Despite a leaky roof and safety concerns raised by staff and their trade union, the Supreme Court complex on Whitepark Road is to remain open.
Chief Justice Sir Marston Gibson made the announcement in a statement released by the Barbados Government Information Service today in which he said tests were carried out at a number of proposed alternative work spaces for the courts’ business which found that they themselves had elevated levels of mould and other allergens.
“Until a place has been located which provides a safe environment into which we can move our operations, we will continue to work in the safe remediated spaces in the Supreme Court Complex,” the Chief Justice said, while stressing that “we cannot, and we will not, move our staff and operations into locations which are less safe for them and for the public whom we serve”.
Following industrial action by workers last month, Registrar Barbara Cooke-Alleyne announced that the neighbouring CLICO building on Whitepark would be retrofitted to accommodate the courts. She had also said that in the interim, the Registration Department would operate from the Ministry of Home Affairs; the criminal court would be held at the new Cane Garden Complex in St Thomas; the four civil courts would operate from the Lloyd Erskine Sandiford Centre and juvenile matters would be heard at the District ‘A’ Magistrates’ Court.
However, those plans have now apparently been shelved following an emergency meeting of the Judicial Council on Monday which discussed the environmental challenges that have been plaguing the island’s main administrative court building.
Sir Marston explained that during the meeting an update was given by a team of scientists who were engaged by the Registrar and the Chief Justice last December to investigate the problems, on the areas in the building where mould and other allergens were located.
A report was also received on phased remediation work, which Sir Marston said started on the complex even before workers walked off the job in protest on Wednesday, April 11.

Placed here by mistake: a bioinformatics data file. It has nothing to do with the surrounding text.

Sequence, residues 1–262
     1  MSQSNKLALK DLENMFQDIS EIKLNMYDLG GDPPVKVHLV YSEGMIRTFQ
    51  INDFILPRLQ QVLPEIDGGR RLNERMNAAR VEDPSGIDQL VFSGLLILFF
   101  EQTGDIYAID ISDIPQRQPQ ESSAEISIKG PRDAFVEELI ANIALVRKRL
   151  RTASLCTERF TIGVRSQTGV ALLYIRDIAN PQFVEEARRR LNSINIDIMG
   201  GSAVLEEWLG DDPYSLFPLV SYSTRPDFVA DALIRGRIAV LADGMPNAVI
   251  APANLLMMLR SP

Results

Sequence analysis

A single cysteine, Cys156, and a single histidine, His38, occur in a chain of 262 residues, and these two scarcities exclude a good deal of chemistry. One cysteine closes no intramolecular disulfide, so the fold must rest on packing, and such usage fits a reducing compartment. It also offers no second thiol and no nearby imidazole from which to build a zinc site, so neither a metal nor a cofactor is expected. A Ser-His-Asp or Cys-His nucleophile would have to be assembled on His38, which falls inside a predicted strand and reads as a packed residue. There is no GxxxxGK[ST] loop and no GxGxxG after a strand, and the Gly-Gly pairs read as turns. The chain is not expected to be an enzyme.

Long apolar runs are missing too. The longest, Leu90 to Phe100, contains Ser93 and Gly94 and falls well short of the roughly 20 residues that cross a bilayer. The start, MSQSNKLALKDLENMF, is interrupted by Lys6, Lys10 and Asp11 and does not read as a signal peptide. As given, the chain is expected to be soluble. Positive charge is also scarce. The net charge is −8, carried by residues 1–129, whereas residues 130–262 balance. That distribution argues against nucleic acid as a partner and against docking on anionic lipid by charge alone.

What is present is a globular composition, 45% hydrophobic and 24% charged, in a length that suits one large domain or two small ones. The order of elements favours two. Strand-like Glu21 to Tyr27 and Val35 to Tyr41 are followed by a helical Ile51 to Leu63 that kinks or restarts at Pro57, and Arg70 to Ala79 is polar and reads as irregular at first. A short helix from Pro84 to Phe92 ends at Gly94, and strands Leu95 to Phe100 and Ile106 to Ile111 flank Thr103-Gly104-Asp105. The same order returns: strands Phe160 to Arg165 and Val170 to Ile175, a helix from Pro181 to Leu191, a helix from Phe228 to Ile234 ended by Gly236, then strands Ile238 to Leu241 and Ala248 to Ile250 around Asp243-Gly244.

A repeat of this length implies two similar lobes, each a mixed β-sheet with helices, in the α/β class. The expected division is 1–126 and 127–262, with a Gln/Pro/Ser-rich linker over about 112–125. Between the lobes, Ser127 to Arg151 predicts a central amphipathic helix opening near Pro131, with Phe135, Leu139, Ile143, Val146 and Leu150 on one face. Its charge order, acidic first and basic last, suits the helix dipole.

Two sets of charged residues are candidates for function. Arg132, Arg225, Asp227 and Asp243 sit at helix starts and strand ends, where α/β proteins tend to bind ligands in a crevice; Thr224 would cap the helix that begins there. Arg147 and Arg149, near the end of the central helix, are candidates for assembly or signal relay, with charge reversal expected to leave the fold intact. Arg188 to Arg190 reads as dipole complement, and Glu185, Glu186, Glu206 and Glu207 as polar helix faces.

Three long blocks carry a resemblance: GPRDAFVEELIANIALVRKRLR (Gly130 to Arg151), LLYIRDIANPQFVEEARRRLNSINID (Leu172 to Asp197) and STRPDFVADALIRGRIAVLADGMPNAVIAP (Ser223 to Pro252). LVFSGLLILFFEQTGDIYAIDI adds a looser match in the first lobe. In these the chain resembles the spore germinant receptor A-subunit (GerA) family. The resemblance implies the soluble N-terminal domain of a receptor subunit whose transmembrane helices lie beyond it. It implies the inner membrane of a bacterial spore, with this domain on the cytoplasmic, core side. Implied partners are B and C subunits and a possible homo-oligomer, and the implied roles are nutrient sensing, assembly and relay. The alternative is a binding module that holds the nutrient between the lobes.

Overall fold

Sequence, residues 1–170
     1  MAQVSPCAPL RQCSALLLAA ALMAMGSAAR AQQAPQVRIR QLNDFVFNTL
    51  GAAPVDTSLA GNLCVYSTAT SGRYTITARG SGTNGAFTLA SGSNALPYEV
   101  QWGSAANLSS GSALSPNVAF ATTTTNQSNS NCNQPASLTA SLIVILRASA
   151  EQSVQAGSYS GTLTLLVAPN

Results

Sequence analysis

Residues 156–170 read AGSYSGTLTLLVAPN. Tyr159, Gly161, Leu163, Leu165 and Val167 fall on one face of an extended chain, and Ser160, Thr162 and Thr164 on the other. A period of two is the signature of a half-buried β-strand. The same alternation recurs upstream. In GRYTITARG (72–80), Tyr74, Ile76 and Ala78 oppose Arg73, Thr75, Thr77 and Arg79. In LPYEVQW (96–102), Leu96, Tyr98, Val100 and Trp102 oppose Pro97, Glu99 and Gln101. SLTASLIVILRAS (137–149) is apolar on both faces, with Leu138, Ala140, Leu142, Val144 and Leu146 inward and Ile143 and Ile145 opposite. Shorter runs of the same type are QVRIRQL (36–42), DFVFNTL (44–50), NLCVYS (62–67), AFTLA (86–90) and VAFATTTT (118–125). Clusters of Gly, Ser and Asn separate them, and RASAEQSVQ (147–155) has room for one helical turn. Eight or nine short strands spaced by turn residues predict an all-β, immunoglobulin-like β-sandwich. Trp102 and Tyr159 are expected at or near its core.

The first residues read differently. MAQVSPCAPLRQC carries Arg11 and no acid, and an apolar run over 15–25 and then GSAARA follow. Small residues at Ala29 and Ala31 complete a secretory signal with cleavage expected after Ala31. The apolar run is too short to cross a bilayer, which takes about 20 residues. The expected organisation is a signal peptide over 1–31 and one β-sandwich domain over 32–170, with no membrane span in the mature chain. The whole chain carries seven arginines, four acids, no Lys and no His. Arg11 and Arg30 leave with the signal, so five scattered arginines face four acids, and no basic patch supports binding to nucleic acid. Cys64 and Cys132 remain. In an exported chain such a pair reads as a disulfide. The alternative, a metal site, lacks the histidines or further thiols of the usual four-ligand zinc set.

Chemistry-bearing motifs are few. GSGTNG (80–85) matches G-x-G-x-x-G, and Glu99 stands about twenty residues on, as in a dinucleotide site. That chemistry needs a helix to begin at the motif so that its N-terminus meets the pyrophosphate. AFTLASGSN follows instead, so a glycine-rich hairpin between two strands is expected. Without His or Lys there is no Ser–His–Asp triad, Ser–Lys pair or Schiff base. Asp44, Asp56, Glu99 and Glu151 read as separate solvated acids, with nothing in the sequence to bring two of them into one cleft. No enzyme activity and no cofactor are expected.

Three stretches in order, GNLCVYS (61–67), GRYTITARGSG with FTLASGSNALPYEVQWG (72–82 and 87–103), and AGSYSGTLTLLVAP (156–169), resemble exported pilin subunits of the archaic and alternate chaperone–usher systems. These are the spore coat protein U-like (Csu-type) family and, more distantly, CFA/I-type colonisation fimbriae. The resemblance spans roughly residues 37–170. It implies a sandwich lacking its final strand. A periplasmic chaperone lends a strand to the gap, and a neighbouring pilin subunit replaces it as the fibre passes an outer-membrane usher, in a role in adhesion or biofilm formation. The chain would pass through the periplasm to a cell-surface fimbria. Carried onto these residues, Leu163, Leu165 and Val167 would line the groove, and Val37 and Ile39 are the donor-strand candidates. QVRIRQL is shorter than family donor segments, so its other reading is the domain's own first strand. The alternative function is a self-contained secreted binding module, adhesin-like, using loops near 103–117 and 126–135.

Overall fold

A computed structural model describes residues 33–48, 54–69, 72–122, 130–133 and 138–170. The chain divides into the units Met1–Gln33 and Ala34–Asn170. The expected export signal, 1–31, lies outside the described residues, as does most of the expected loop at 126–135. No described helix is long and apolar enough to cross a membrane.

Since then, both the National Union of Public Workers and the Barbados Bar Association have been advising their members to stay out of the so called ‘sick building’.
However, the Chief Justice suggested today that based on the advice of the scientists there was no real need to close the entire complex or to order a cessation of work.
“It was reiterated that this [phased remediation] could have been done in a way that does not affect the health or safety of persons accessing the building,” Sir Marston said, while explaining that some courtrooms had already been closed, remediated and re-tested to ensure that they were safe for reoccupation.
“To date the spaces which have not yet been remediated and are deemed unsafe for use are court rooms 1, 3, 10 and 12. These will remain closed until remediated.
“All other areas to date should not pose a threat to the occupants and will continue to be in use until further notice,” Sir Marston added, while promising that “tests will be conducted weekly to continually assess these spaces to ensure that they pose no harm to the occupants.
He said that such tests were especially critical given reports of leaks in the roof which will necessitate some relocation.